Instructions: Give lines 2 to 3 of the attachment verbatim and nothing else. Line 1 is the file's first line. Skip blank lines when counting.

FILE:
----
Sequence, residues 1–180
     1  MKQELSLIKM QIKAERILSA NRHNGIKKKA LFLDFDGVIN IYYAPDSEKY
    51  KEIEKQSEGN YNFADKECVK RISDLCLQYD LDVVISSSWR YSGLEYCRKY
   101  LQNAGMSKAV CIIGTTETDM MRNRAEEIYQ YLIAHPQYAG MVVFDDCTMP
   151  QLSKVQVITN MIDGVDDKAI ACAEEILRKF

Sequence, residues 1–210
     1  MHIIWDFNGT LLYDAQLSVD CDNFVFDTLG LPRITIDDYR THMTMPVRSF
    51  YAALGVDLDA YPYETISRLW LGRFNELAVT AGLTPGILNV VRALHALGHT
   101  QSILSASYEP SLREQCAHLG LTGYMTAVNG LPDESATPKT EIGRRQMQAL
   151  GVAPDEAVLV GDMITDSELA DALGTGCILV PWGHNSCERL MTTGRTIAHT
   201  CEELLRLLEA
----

     1  MKQELSLIKM QIKAERILSA NRHNGIKKKA LFLDFDGVIN IYYAPDSEKY
    51  KEIEKQSEGN YNFADKECVK RISDLCLQYD LDVVISSSWR YSGLEYCRKY